Sky High Did Not Begin Life as a Gen13 TV Series

MOVIE URBAN LEGEND: The superhero film, Sky High, was based on an unmade Gen13 TV series.

In 2005, Disney released the superhero family comedy, Sky High, about Will, the son of two of the most famous superheroes in the world who attends a floating high school for superheroes where he is initially lumped in with the “sidekicks,” students with no powers like him or less impressive powers, like his longtime best friend, Layla, but when his superpowers kick in, he is transferred to the “hero” division of the school and meets new friends as his old friendships are strained, but everyone has to team up to save the day to defeat a villainous plot that might crash their high school to the ground.

The movie was a moderate hit and has developed a cult following in the years since. However, fans also believe that the film actually derived from a possible Gen13 live action project!

RELATED: Test Audiences Wouldn’t Let the Deep Blue Sea End the Way It Was Originally Intended


Gen13 has had a difficult journey to film and television, as the hit Image series by Jim Lee, Brandon Choi and J. Scott Campbell (this was Campbell’s first work and it made him an instant superstar) seemed poised to become a crossover multimedia hit, but it never happened.

CBR’s own Timothy Donohoo wrote a few years ago about how Disney was all poised to release an animated film version of Gen13, but Jim Lee then sold Wildstorm Studios to Warner Bros. soon before the film was released, and the property suddenly being owned by a rival company likely led to Disney deciding not to release the film (it makes sense, but I don’t know for sure if that was its motivation. Projects fall apart for all sorts of reasons. The key thing to remember, though, is that the film was not ultimately released in the United States by Disney). The movie has been released overseas, though, so you could probably find a copy of it if you tried really hard.

Like, say, looking on YouTube.

However, there was a SECOND Gen13 project in development at Disney at the time, a live action project (either as a film or a TV series). This was back in the 1990s, when comic book properties being adapted into films was still relatively rare, so something like Gen13 possibly being a film or a TV series was a big deal. The website Comics2Film helped follow the project over a number of years. In 1998, it revealed, “a live action version of Gen13 (also co-created by Campbell) is in development at Walt Disney.” In 1999, Jim Lee noted in an interview “that the third draft for a live-action Gen13 movie is in the works.” In July 2000, Courtney Solomon, producer of the then-new Dungeons and Dragons movie, told CHUD that he was going to be the producer on the live action Gen13 project that Disney was close to greenlighting. In December 2000, though, Solomon revealed that the studio has made some changes to the concept. Solomon told Eric Moro of Mothership that the project would be renamed Seventh Graders and the concept had been reworked ” to fit the squeaky clean image of Disney Studios. ‘For me personally, I think [Disney] should have stayed more with the comic book. They’ve moved it slightly away from the comic book. What I loved about that in the first place was that it was sexy. It was good and I loved the first six issues — the setting up of the whole thing. That was all great. The premise was great and you could go anywhere with the story.”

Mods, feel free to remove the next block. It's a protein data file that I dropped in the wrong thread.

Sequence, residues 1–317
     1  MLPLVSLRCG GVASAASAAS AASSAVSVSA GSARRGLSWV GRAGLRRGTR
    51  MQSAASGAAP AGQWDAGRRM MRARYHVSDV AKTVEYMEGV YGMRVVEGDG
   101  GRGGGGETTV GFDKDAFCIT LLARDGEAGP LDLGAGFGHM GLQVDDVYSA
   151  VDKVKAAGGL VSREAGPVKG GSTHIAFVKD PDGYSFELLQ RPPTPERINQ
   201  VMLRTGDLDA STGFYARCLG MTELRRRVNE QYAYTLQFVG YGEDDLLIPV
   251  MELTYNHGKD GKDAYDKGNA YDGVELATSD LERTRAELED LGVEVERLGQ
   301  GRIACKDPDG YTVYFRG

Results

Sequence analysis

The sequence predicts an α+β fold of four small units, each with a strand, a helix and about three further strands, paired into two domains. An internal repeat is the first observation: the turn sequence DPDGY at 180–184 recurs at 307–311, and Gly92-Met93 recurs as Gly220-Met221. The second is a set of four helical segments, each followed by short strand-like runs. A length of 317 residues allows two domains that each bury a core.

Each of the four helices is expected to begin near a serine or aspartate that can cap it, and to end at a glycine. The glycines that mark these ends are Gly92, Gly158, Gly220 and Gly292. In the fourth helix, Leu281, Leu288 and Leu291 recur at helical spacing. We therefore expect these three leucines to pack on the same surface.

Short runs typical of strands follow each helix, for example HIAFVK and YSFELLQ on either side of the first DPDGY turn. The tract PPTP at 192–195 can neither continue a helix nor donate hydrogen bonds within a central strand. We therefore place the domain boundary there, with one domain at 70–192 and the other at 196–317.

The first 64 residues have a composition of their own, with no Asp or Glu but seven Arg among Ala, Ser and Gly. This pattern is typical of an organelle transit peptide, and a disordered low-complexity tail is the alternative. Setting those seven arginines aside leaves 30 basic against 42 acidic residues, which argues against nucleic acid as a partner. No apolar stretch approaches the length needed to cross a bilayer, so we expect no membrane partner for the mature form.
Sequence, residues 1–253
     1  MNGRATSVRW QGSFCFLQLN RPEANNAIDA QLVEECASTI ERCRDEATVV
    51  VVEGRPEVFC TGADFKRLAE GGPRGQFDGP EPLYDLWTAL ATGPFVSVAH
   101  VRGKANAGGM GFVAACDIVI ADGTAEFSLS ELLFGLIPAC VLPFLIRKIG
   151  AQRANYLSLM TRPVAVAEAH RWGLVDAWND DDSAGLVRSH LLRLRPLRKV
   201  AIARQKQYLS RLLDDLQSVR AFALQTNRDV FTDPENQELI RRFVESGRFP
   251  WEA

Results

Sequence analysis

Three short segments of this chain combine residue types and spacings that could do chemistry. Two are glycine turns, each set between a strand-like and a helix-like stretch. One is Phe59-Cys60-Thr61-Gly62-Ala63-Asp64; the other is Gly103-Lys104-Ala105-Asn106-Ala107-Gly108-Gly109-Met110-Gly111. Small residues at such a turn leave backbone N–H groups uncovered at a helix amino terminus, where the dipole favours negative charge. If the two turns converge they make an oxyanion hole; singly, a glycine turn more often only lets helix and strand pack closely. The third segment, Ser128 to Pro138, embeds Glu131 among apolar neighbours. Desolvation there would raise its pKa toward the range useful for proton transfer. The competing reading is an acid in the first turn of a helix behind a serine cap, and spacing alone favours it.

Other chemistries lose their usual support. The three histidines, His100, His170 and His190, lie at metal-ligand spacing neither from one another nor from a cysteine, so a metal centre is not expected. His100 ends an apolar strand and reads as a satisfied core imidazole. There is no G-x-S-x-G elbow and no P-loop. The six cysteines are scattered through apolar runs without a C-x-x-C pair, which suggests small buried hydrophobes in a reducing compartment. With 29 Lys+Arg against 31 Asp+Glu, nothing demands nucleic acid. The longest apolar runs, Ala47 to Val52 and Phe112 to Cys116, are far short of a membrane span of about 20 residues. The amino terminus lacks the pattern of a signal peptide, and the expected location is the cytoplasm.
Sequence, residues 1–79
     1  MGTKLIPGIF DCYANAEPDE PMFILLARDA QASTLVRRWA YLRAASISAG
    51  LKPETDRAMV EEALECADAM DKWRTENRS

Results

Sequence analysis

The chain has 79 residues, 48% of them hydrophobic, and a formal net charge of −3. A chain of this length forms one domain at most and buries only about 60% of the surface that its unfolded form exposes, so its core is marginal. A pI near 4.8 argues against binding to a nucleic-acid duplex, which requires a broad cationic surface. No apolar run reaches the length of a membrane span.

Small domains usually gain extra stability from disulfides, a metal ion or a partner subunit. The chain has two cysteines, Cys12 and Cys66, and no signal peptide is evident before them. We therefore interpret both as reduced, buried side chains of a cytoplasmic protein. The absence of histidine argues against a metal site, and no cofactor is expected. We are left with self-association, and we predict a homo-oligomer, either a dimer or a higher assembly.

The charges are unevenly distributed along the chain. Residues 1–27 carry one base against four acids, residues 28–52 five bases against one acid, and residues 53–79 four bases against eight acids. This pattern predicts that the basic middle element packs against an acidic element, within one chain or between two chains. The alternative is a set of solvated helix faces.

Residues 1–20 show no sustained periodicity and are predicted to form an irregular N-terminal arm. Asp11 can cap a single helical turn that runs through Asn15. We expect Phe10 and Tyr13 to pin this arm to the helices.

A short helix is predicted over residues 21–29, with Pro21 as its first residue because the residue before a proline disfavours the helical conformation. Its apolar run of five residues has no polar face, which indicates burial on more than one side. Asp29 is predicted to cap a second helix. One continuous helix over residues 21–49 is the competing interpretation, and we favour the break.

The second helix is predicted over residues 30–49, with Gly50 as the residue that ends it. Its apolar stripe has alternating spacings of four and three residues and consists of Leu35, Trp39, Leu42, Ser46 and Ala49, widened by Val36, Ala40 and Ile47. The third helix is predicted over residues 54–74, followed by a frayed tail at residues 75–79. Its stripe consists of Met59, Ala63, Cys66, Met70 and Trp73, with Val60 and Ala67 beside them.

And that was pretty much it for the Gen13 live action project, which has led fans to believe that the already reworked Gen13 was then further reworked into Sky High in 2005. It makes a lot of sense, but is it true?

RELATED: Was Tinker Bell Actually Based on Marilyn Monroe?


I don’t believe so, no, but I can easily see why people think so, especially since the Sky High concept had been floundering around since the 1990s. Sky High was created by Paul Hernandez (who tragically passed away back in 2014 at the way too young age of 44), He originally pitched the series in 1994 as a TV series, but it didn’t go anywhere. Eventually, Hernandez moved on to working on a proposed Greatest American Hero film in 2002 for Disney and the Sky High project just sort of floundered.

It wasn’t until Disney turned to Kim Possible creators Bob Schooley & Mark McCorkle to take a crack at rewriting the script that the project really got going.

They recalled to Ed Liu:

SCHOOLEY: Between seasons 1 and 2, we wrote a live-action Kim movie script, because there was talk of doing a live-action Kim, which came very close to happening, but didn’t for reasons…well, who knows? But the people we worked with at Features liked that, so they asked us to take a look at rewriting Sky High.

MCCORKLE: The script was on the shelf because they liked the idea of a superhero high school. I think, reading how we wrote teens in Kim Possible, they felt like, “This feels good and contemporary, and maybe you can apply that to this project for us.” So it worked out great.

I think that there is enough of a clear history of Hernandez’s involvement in the project going back to 1994 (Gen13 debuted as a comic book in December 1993, so it obviously was not even considered by studios until later in the 1990s) that I am willing to go with this legend as…


Be sure to check out my archive of Movie Legends Revealed for more urban legends about the world of film. Click here for more legends specifically about superhero films.

Feel free (heck, I implore you!) to write in with your suggestions for future installments! My e-mail address is

Leave a Comment